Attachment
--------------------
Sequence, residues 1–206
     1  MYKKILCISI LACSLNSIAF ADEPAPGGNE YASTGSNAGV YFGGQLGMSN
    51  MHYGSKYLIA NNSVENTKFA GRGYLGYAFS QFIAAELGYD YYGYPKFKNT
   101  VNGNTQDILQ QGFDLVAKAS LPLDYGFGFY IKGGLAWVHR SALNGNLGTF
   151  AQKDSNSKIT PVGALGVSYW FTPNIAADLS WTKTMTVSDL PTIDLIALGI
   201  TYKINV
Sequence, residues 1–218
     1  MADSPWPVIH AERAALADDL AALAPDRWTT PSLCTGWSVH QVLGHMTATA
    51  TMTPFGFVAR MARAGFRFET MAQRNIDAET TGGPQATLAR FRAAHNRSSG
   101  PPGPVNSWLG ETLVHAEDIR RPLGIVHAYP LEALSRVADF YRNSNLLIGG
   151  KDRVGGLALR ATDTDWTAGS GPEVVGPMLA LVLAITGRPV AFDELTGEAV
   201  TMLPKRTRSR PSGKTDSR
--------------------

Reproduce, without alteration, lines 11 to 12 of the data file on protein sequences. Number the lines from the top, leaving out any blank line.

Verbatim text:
   151  KDRVGGLALR ATDTDWTAGS GPEVVGPMLA LVLAITGRPV AFDELTGEAV
   201  TMLPKRTRSR PSGKTDSR